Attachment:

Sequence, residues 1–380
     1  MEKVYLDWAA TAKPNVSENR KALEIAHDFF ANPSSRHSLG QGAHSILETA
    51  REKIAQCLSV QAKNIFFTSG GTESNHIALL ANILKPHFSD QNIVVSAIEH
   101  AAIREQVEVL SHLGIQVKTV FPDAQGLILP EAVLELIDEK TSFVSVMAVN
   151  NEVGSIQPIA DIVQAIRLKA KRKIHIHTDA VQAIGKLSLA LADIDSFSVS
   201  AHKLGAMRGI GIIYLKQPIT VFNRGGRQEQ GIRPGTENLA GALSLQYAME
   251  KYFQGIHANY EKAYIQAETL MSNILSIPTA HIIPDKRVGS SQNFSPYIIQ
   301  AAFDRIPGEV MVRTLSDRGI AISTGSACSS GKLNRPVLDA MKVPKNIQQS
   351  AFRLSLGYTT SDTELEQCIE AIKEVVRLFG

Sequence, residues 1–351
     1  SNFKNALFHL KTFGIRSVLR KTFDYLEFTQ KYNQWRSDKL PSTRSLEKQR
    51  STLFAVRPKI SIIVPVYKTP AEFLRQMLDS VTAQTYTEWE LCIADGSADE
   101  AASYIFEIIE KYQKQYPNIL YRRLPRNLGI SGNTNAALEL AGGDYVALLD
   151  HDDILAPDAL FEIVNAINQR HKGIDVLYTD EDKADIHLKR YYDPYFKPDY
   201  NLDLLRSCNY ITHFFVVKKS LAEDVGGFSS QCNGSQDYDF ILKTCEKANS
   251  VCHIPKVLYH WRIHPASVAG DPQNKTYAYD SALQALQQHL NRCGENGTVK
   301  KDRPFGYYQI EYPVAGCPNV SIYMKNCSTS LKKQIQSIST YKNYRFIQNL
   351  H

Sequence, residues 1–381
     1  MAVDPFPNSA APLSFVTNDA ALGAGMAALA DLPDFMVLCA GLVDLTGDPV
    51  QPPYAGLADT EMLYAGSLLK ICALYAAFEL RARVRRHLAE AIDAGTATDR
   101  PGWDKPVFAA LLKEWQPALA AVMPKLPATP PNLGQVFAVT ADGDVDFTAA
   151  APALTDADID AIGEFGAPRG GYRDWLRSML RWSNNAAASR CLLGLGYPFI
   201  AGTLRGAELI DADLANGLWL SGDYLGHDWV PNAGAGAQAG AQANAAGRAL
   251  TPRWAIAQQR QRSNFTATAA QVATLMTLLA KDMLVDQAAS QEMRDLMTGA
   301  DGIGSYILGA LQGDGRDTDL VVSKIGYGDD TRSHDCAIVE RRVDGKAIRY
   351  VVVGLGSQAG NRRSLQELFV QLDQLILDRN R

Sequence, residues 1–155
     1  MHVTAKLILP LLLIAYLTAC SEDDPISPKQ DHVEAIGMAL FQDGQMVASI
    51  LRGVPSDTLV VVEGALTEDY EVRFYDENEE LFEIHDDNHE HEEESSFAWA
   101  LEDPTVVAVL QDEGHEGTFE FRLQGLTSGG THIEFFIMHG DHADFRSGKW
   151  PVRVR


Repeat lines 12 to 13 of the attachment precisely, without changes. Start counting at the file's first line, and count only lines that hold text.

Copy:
    51  STLFAVRPKI SIIVPVYKTP AEFLRQMLDS VTAQTYTEWE LCIADGSADE
   101  AASYIFEIIE KYQKQYPNIL YRRLPRNLGI SGNTNAALEL AGGDYVALLD